Introduction and background
Since the VR device market has grown substantially in recent years and devices have become widely available for consumers, it is important to study the possible effects VR gaming might have on players. One of the more prevalent issues is the fact that VR gaming causes nausea, or cybersickness, as specifically videogame-induced nausea is more commonly called. The research paper by Aliya Iskenderova, Florian Weidner, and Wolfgang Broll discusses this topic and presents findings of their study to find out how consuming alcohol affects the nausea caused by VR gaming.
The article briefly discusses multiple theories concerning the subject but does not take a stand on which theory might be correct. However, the researchers suggest that cybersickness might be one of the reasons why VR gaming isn’t as popular as it could be. The article also briefly discusses different factors increasing susceptibility to cybersickness as well as general effects of alcohol on the human body.
Since the companies producing VR devices, such as Oculus Rift, advise against operating the device while intoxicated, and the topic has not been researched extensively, the researchers attempt to answer the question “How does alcohol intoxication influence cybersickness symptoms of gamers immersed in virtual reality?”
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What was done?
The researchers conducted a user study in which 31 participants first played a VR game, then answered a questionnaire and were interviewed about their level of nausea caused by the game. After this the participants were given either alcohol or a placebo and then asked to play the game again. After the second trial the same questionnaire and interview were conducted. The game was played for approximately 15 minutes in both trials, as this was the time in which cybersickness symptoms usually appear.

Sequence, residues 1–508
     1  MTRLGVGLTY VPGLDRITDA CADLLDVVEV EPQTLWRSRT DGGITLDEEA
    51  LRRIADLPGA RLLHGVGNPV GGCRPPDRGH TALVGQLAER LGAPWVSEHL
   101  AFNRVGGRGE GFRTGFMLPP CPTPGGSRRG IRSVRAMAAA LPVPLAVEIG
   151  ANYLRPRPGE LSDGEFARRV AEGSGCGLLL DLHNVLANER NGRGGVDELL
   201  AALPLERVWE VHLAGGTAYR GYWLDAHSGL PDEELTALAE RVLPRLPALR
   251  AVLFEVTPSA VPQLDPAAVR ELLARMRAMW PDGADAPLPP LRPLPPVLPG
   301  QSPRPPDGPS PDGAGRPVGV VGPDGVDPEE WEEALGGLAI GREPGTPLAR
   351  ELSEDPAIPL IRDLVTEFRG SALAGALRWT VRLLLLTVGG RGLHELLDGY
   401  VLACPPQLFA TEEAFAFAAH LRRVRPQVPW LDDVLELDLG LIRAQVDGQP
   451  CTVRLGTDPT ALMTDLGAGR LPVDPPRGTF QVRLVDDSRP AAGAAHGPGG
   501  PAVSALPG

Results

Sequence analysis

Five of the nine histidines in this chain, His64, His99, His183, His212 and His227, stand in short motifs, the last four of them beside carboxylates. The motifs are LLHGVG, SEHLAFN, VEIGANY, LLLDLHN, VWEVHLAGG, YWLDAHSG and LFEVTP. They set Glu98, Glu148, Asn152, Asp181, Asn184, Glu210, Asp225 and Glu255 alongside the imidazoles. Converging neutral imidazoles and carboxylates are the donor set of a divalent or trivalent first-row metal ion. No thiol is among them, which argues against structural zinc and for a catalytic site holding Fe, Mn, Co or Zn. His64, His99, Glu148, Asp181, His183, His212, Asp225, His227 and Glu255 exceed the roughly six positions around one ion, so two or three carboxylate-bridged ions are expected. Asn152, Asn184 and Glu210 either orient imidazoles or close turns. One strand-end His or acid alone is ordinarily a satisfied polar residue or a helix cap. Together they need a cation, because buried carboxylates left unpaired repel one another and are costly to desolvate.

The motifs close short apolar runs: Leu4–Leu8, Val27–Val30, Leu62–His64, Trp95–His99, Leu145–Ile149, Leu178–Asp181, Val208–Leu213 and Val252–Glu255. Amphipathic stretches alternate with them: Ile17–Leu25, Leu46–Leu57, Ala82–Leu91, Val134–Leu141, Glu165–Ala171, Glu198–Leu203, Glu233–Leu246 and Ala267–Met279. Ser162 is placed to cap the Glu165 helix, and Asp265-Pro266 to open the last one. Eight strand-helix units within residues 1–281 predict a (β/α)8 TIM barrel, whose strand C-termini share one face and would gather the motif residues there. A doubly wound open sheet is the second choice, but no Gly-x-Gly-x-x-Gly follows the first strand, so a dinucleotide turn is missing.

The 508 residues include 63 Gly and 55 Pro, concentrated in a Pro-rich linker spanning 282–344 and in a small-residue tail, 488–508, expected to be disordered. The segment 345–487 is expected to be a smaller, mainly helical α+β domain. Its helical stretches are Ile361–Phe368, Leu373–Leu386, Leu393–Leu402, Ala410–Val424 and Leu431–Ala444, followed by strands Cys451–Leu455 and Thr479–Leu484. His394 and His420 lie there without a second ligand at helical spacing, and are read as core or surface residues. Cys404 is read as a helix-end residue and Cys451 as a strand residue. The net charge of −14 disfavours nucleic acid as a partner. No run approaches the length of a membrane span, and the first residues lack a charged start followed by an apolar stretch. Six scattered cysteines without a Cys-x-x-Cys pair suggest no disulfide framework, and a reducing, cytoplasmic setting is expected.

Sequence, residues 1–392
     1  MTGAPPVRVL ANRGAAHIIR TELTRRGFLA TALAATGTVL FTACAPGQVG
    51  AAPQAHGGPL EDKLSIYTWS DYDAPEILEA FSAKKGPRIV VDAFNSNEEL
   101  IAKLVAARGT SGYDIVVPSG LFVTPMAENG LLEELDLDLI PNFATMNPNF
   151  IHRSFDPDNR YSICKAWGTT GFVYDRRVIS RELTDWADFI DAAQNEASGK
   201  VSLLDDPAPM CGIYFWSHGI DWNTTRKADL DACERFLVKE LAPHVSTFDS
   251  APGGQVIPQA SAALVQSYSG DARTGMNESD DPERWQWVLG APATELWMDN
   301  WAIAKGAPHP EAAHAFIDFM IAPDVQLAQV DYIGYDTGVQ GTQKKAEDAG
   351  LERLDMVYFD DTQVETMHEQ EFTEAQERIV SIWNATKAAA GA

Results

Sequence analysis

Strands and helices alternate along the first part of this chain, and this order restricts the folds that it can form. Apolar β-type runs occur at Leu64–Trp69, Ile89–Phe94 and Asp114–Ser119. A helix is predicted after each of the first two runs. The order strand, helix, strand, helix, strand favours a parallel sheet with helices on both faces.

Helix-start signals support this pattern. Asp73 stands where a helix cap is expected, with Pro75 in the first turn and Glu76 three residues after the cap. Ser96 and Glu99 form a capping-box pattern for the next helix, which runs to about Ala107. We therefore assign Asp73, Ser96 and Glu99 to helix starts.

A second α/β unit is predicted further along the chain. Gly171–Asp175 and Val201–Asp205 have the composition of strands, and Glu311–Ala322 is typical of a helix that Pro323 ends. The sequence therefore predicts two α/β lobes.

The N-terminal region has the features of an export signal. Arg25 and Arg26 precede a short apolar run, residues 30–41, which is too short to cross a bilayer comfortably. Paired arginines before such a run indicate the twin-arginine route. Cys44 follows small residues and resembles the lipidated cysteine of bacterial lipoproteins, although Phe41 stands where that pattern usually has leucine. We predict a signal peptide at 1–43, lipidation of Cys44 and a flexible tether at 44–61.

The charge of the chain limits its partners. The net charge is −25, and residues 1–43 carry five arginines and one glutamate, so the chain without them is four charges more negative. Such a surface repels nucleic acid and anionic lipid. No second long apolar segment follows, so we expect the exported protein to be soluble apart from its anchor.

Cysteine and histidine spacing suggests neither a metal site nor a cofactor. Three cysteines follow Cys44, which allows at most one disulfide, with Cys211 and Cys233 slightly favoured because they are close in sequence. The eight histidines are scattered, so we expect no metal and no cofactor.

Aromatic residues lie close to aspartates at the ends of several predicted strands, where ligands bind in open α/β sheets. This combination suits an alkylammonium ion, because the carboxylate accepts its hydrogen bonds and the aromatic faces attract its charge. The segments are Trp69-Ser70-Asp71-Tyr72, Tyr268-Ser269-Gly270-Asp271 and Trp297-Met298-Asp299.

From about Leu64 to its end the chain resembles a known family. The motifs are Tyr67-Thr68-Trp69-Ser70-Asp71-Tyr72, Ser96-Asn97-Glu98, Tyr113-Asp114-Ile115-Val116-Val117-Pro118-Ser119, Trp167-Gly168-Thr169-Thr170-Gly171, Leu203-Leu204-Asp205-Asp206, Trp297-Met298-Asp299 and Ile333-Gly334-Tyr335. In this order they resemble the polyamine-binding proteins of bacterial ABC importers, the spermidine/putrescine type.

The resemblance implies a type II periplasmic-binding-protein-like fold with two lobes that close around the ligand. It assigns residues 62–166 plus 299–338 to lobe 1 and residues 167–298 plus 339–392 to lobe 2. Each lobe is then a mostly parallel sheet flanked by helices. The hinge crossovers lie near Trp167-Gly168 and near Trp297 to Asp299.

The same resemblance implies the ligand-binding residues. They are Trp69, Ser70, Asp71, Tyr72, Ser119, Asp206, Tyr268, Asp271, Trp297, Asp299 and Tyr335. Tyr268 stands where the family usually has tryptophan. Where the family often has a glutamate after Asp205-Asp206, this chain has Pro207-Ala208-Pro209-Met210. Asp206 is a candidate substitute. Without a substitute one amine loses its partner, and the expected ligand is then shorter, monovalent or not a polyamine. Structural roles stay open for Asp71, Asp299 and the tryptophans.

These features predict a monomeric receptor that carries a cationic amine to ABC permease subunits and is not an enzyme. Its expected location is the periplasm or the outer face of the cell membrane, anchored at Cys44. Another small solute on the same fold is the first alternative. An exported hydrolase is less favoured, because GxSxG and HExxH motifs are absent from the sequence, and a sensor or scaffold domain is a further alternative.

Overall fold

The blood alcohol level of each of the participants was carefully monitored during the trial. The amount of alcohol the participants should drink to reach the desired blood alcohol level of 0,07 % was calculated and it was ensured that no participant’s blood alcohol level exceeded 0,1 %.
What were the results?
During the study it was discovered that those participants who consumed alcohol reported significantly reduced symptoms of cybersickness while their blood alcohol level was approximately 0,07 %, and no participants reported worse symptoms than before drinking. This was a surprising find, as some earlier studies have suggested that drinking alcohol might worsen the symptoms.
Although the symptoms of cybersickness were reduced while under the influence of alcohol, the researchers say that alcohol is by no means a recommendable preventive measure for cybersickness.
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The article Drunk Virtual Reality Gaming: Exploring the Influence of Alcohol on Cybersickness by Aliya Iskenderova, Florian Weidner, and Wolfgang Broll was published at the Chi PLAY 2017 Symposium on Computer-Human Interaction in Play and can be read at:
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